From the front office to the family room, sabermetrics has dramatically changed the way baseball players are assessed and valued by fans and managers alike. Rocketed to popularity by the 2003 bestseller Moneyball and the film of the same name, the use of sabermetrics to analyze player performance has appeared to be a David to the Goliath of systemically advantaged richer teams that could be toppled only by creative statistical analysis. The story has been so compelling that, over the past decade, team after team has integrated statistical analysis into its front office. But how accurately can crunching numbers quantify a player's ability? Do sabermetrics truly level the playing field for financially disadvantaged teams? How much of the baseball analytic trend is fad and how much fact?
The Sabermetric Revolution sets the record straight on the role of analytics in baseball. Former Mets sabermetrician Benjamin Baumer and leading sports economist Andrew Zimbalist correct common misinterpretations and develop new methods to assess the effectiveness of sabermetrics on team performance. Tracing the growth of front office dependence on sabermetrics and the breadth of its use today, they explore how Major League Baseball and the field of sports analytics have changed since the 2002 season. Their conclusion is optimistic, but the authors also caution that sabermetric insights will be more difficult to come by in the future. The Sabermetric Revolution offers more than a fascinating case study of the use of statistics by general managers and front office executives: for fans and fantasy leagues, this book will provide an accessible primer on the real math behind moneyball as well as new insight into the changing business of baseball.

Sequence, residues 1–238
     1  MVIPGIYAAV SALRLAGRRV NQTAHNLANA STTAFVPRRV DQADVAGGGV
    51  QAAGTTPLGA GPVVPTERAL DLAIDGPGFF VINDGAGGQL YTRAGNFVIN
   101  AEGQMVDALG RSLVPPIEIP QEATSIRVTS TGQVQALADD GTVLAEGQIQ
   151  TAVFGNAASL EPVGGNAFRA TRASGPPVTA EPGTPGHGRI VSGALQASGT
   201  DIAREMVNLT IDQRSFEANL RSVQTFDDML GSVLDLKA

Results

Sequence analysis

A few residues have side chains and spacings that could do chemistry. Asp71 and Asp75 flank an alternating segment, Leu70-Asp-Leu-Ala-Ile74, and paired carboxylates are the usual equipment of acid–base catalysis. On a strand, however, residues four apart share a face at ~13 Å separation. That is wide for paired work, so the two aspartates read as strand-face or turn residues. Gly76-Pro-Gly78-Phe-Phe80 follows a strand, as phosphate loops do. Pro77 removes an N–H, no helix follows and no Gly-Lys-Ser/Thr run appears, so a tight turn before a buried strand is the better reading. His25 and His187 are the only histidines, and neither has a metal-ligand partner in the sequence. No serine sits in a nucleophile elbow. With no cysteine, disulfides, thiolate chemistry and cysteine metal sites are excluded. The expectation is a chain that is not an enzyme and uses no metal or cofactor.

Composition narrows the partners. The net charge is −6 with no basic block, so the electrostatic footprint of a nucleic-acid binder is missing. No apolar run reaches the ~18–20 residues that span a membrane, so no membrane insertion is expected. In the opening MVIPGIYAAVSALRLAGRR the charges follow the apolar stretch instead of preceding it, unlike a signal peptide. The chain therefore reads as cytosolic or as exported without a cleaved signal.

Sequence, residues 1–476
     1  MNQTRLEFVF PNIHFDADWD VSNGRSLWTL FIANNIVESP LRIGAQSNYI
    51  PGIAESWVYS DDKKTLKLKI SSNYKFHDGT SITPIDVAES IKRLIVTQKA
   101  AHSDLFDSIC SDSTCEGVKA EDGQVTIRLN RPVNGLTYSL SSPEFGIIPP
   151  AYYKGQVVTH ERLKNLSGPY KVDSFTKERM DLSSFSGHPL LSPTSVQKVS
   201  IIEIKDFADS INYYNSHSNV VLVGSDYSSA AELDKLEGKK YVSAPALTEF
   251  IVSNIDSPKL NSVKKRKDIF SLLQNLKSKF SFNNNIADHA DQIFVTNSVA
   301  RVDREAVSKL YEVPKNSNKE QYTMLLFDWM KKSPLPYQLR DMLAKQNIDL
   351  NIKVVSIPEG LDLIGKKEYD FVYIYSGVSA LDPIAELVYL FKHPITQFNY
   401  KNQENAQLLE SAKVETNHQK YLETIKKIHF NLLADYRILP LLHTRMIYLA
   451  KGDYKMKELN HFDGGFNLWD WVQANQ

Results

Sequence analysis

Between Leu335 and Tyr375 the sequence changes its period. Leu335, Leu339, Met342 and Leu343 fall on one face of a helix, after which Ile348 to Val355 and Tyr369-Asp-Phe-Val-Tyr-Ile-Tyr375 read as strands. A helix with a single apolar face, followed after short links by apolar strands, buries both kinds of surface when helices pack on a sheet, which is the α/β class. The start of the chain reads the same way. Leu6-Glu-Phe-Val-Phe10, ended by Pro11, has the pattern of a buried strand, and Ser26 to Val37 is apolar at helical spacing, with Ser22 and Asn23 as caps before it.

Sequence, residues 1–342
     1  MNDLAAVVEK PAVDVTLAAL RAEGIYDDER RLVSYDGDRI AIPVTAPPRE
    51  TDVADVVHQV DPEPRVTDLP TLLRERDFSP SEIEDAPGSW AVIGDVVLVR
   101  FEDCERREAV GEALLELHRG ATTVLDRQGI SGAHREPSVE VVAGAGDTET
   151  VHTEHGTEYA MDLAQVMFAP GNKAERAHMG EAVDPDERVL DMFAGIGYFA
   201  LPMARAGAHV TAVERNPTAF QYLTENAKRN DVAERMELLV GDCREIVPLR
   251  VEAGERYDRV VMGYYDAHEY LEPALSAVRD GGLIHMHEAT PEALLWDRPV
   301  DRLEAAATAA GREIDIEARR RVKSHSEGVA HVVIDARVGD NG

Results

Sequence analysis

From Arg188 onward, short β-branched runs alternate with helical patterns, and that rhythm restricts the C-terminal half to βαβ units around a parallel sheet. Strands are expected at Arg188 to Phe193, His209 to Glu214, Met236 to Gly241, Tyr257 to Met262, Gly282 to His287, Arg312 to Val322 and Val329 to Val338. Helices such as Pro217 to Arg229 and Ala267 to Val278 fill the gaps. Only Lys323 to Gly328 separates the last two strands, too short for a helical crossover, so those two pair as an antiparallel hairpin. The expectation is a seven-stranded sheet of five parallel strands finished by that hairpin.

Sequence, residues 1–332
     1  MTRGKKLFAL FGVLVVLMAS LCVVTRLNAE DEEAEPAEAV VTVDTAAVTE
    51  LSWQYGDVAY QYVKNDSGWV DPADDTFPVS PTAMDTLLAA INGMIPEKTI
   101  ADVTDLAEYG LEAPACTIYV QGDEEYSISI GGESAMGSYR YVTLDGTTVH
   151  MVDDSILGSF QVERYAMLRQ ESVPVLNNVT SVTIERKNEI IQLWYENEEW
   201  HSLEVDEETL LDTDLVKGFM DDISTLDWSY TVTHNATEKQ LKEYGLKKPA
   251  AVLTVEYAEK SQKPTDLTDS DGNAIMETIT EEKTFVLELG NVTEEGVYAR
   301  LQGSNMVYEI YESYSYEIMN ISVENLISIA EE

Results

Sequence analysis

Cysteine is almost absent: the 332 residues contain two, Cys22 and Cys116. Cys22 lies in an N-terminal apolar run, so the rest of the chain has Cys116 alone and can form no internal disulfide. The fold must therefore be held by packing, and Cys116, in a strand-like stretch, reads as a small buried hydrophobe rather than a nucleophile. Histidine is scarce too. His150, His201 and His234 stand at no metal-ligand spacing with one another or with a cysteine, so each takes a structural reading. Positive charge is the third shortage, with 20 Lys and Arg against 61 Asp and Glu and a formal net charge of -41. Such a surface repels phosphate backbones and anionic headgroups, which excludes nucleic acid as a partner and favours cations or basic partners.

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About the Author:
Daily Beast list of best baseball books 2014. "Former Mets sabermetrician Benjamin Baumer and sports economist Andrew Zimbalist's The Sabermetric Revolution: Assessing the Growth of Analytics in Baseball takes an expert look at the statistical analysis craze, debunking misconceptions and evaluating the role of sabermetrics in the future--no doubt of great interest to future general managers, both real and fantasy league."
"Baumer and Zimbalist provide an interesting case study of the use of statistics by general managers and front office executives. For fans and fantasy leagues, the book is an accessible primer on the real math behind moneyball including new insights into the changing business of baseball." David Low, The Wesleyan Connection.
Benjamin Baumer is Director of the Program in Statistical and Data Sciences at Smith College. He was formerly the statistical analyst for the baseball operations department of the New York Mets. Andrew Zimbalist is Robert A. Woods Professor of Economics at Smith College, a frequent sports industry consultant and media commentator, and author of many books, including In the Best Interests of Baseball? Governing the National Pastime.
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